However, molecular tests use chemical techniques to amplify the amount of genetic material in a sample, allowing them to detect the presence of the coronavirus at a very early stage — in some cases even before a person can pass the infection on to others. On the other hand, they can also find leftover traces of the virus after a person is no longer contagious. And like any test, they are subject to contamination and other interference that can lead to erroneous results, including the occasional false positive. It’s not common, but it’s more likely to occur in communities where cases of the disease are few.

Antigenic testing has proven to be as effective as molecular testing in preventing false positive results. And according to the CDC, these tests are also just as good at detecting COVID in someone showing symptoms of the disease, such as a cough, fever and sore throat.

Where testing falls short, the CDC warns, are people who have the virus but are not showing symptoms, particularly if they are in the early stages of infection and may not yet have enough viral load to infect others. The agency recommends doing a second antigen test a few days after the first, which is why the kits are sold in packs of two.

If you have not been vaccinated and have been in close contact with someone who has had COVID at any time in the past two weeks, the CDC recommends that you have molecular testing just to make sure you are not infected.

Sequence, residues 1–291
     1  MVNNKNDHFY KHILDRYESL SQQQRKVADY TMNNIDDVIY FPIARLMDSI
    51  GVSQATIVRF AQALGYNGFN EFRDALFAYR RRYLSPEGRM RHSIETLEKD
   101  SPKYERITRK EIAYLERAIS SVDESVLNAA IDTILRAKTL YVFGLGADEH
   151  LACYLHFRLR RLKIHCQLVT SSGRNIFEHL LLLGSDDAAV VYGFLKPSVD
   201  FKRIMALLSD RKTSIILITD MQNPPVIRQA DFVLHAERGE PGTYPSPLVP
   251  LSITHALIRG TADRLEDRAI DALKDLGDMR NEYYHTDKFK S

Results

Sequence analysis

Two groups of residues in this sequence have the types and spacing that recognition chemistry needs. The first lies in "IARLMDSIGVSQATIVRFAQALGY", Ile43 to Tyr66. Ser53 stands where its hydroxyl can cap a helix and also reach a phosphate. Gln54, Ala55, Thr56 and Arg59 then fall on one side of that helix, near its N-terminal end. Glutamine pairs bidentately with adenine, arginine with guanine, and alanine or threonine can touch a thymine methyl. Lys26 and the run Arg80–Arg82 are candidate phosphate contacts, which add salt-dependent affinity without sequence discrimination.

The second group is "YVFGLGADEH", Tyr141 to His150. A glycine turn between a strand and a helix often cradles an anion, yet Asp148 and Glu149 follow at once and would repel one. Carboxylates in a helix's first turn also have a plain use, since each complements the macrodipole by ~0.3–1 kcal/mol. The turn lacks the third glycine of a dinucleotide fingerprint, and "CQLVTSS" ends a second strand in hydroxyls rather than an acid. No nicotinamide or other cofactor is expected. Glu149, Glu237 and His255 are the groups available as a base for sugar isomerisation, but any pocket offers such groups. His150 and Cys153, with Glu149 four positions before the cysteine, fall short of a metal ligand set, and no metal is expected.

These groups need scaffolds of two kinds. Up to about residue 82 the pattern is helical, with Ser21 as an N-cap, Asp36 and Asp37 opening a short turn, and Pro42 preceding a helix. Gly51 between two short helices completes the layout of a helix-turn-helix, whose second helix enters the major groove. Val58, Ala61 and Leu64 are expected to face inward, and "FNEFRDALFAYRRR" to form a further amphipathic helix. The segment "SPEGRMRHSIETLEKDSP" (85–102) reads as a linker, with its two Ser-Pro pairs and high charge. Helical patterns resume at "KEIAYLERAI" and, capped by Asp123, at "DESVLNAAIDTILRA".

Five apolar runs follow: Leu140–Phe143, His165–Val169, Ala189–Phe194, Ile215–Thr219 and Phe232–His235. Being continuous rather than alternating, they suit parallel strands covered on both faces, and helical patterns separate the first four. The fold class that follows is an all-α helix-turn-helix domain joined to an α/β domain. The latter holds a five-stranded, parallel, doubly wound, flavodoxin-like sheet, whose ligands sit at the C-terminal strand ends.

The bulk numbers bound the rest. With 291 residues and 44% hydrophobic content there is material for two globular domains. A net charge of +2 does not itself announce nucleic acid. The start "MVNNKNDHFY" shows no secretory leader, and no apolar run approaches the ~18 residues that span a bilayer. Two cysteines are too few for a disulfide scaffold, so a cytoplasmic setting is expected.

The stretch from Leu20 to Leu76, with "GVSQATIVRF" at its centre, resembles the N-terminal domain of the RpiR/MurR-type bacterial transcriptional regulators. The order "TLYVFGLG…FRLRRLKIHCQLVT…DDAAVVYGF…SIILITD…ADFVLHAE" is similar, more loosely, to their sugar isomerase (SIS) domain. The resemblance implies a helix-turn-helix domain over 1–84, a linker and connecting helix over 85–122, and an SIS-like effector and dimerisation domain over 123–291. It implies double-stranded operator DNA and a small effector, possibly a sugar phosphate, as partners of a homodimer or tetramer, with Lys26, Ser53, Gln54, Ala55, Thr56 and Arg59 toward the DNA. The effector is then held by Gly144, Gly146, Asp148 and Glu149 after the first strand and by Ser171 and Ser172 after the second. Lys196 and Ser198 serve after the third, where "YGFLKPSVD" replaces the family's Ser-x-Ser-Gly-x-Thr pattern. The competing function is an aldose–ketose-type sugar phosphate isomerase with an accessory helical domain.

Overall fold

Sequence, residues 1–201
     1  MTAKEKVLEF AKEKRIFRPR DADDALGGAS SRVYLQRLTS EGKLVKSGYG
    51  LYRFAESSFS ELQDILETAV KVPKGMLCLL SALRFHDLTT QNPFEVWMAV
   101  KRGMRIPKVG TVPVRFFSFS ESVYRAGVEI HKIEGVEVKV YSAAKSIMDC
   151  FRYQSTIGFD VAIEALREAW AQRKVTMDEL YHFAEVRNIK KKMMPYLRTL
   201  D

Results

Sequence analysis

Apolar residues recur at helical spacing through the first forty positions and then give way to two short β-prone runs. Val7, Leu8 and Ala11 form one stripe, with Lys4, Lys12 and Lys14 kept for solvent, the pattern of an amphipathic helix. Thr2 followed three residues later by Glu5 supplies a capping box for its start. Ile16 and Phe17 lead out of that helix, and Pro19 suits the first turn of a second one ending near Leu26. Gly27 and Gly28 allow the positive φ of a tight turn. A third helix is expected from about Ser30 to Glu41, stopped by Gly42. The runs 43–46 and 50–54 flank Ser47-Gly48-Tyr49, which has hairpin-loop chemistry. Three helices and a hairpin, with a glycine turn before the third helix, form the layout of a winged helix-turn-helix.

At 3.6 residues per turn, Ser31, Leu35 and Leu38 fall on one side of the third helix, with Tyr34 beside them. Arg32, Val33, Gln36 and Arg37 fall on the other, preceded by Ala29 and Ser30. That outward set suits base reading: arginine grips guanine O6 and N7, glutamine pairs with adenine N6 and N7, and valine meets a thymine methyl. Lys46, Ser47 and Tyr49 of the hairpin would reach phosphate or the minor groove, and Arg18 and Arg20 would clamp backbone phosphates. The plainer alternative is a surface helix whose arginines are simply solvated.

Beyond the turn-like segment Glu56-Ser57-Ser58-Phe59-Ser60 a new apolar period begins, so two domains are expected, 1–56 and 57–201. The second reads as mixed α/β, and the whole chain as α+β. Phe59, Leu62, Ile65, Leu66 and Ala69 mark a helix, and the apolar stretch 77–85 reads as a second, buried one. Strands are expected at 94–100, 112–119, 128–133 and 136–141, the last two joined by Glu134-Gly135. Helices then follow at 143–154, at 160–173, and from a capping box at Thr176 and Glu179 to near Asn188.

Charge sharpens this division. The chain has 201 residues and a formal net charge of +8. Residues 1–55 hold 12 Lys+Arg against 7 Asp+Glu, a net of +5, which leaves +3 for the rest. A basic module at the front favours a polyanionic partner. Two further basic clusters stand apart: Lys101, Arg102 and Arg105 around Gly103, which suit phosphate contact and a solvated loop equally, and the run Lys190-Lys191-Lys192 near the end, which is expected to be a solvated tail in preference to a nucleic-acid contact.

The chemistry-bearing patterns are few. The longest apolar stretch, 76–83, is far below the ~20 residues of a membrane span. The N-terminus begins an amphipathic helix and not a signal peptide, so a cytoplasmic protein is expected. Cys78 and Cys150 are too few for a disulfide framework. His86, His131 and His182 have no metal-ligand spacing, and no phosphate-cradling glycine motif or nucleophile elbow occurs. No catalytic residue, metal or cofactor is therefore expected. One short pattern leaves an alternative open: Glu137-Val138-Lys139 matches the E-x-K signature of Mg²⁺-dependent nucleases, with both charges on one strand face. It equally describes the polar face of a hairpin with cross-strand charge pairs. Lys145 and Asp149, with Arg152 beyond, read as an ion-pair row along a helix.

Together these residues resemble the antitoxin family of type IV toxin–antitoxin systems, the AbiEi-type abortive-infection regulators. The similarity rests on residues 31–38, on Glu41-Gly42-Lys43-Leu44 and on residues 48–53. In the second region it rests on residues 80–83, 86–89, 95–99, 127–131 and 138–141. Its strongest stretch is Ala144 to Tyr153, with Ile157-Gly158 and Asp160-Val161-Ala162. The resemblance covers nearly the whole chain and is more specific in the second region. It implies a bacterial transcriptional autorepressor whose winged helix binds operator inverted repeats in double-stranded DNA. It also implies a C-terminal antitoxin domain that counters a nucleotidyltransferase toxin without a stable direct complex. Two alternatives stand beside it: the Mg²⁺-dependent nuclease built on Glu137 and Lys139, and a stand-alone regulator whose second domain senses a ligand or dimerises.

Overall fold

What is the best use of rapid tests?

Testing can reduce risk in a variety of vacation scenarios, but Jha and Dr. Robert Wachter, chair of the medical school at UC San Francisco School of Medicine, said it makes the most sense in two situations: when unvaccinated people join you for the holidays, or whether people in your party would be at high risk of fatal complications if they would contract a breakthrough case of COVID-19. “Besides, while it might make a gathering a little bit safer, I don’t think it’s worth spending a few hundred dollars to test about 10 people,” Wachter said in an email.

Another factor in favor of testing is the high rate of coronavirus infection in the community, Jha said. But which community determines the level of risk? This can be difficult to figure out when you have guests from different parts of the country.